In 1862, Alphonse Beau De Rochas, a French civil engineer, received a patent for a four-stroke engine that was not even built. This changed in 1876 when Sir Dougald Clerk achieved the first building of a two-stroke engine that remains widely in use to this day, though the original engine design has since been simplified.[7]

Perhaps one of the most substantial contributions made to internal combustion engine design and development was the invention and patent of the four-stroke engine otherwise known as the “Otto cycle” by Nicolaus August Otto in 1876.[8] The operation of the four-stroke engine can be explained in simple terms as four strokes of the piston for each explosion. It is based on the principle of thermodynamics. [9] Today, the four-stroke cycle engine is the most widely applicable type of internal combustion engine in use, powering practically all cars and trucks on the road.[10]

Another key contribution in internal combustion engine design was made by Gottlieb Daimler in 1885 when he developed what is notably the very first prototype of today’s modern gasoline engine. The engine featured a vertical cylinder with gasoline injected through a carburetor. The design was patented in 1887. Daimler went on to incorporate his engine into a two-wheeled vehicle and, a year later, into the world’s very first four-wheeled motor vehicle.[11]

[edit] How it Works

Internal combustion engines operate according to either a two-stroke combustion cycle or a four-stroke combustion cycle.

[edit] Four-stroke Combustion Cycle

The four-stroke combustion cycle is a four-step approach that essentially converts the fuel used by the engine into motion through an in-take stroke, compression stroke, combustion stroke (explosion), and exhaust stroke. Examples of four-stroke engines are the piston-type gasoline engines present in automobiles today, as well as diesel engines.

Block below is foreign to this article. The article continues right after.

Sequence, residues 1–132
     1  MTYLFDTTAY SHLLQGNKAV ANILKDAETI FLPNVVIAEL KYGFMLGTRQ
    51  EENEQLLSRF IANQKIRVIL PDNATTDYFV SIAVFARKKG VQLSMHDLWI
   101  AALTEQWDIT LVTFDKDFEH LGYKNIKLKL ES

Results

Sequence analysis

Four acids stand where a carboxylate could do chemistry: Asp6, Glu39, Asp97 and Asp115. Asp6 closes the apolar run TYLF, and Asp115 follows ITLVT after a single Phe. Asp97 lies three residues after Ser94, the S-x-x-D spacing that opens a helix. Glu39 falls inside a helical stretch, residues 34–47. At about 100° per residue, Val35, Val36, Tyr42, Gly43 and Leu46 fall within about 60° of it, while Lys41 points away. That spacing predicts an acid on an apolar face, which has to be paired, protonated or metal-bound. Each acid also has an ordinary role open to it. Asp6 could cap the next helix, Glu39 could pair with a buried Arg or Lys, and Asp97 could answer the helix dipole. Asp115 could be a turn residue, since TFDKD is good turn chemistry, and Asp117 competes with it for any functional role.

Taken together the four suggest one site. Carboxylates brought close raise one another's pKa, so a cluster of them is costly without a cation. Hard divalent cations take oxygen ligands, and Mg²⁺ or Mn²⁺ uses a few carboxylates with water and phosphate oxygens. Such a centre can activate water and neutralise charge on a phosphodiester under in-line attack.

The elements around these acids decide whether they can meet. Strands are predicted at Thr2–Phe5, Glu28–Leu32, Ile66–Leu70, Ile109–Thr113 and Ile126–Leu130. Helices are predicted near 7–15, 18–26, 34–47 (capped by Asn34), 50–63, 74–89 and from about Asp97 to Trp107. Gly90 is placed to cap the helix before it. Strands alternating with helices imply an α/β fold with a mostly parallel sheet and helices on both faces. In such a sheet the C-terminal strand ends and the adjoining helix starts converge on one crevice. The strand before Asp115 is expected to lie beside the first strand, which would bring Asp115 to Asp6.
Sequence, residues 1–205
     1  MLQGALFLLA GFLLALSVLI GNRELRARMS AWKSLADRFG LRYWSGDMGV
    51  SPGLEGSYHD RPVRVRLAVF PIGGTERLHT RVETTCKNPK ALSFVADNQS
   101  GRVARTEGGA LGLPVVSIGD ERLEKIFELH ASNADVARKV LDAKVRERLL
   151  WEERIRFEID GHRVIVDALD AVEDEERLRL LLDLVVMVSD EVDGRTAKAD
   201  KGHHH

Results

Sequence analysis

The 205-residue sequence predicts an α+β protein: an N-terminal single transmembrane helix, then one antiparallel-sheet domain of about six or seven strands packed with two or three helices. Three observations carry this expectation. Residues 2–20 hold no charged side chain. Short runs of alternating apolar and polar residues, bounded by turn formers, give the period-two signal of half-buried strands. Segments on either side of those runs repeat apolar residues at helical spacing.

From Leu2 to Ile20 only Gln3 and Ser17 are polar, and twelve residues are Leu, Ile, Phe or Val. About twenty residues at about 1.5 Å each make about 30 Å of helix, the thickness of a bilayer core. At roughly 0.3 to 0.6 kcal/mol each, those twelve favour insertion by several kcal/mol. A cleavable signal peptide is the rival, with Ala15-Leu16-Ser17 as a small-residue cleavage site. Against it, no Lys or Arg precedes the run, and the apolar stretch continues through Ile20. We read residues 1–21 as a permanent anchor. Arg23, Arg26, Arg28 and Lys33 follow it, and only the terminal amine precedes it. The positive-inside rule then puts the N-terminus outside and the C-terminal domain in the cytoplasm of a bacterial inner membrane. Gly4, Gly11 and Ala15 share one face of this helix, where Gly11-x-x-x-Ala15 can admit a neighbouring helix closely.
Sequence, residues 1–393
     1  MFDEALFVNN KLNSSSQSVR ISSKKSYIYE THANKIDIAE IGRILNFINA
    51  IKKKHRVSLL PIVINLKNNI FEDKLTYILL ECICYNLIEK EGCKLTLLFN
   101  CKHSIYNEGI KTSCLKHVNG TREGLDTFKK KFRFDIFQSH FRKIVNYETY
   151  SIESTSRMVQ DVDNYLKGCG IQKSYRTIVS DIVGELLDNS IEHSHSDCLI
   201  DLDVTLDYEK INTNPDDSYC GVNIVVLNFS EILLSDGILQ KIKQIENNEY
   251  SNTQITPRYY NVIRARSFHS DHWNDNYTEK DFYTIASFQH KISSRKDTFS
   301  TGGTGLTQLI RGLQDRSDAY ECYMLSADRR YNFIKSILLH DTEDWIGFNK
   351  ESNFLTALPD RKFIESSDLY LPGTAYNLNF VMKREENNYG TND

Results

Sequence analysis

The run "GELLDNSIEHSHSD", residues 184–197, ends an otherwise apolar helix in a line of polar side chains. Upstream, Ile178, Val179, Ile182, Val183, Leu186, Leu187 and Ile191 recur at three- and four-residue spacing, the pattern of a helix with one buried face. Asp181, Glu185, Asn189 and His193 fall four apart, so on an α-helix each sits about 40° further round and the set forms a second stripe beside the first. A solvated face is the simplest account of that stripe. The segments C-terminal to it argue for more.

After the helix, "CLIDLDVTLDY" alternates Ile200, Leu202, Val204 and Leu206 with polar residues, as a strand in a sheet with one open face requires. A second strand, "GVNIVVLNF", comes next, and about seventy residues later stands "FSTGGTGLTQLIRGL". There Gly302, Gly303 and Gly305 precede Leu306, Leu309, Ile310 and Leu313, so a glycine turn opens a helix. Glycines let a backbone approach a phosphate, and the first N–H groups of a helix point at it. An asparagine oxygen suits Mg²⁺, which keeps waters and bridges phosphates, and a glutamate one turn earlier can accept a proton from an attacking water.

The execution of the four-stroke combustion cycle occurs with four strokes of a piston inside a cylinder connected to a crankshaft by a connecting rod. On the first stroke, the piston is driven downward to allow for the intake of fuel and air that are drawn inside the cylinder. The piston is then driven upwards. This compresses the fuel-air mixture inside the cylinder and it becomes ignited by a spark plug. The expansion of gas and heat inside the cylinder forces the piston downward in a third stroke. The fourth and final stroke upwards expels the gas from the cylinder through an exhaust pipe or tailpipe.[12]

[edit] Two-stroke Combustion Cycle

The two-stroke combustion cycle is less complicated mechanically than the four-stroke, requiring fewer moving parts. As a result, it is a lot less efficient and used primarily to fuel lower-power applications and devices such as lawn and garden equipment, dirt bikes, mopeds, jet skis, and small outboard motors.[13]

The two-stroke engine works essentially double time in that it has to deliver one power stroke for every two strokes as opposed to one stroke for every four, as in four-stroke engines. The engine, lighter and more compact, can give out the same amount of power as a four-stroke engine.

Drawbacks are present that ultimately restrict the two-stroke engine's use. Twice as many power strokes during operation in a two-stroke engine means this kind of engine is predisposed to overheating, thereby having a shorter product shelf life. Another disadvantage is that fuel in a two-stroke engine is mixed with lubricating oil, causing the emission of a high level of hydrocarbons. Currently a more efficient and pollutant-free two-stroke automobile engine is under development.[14]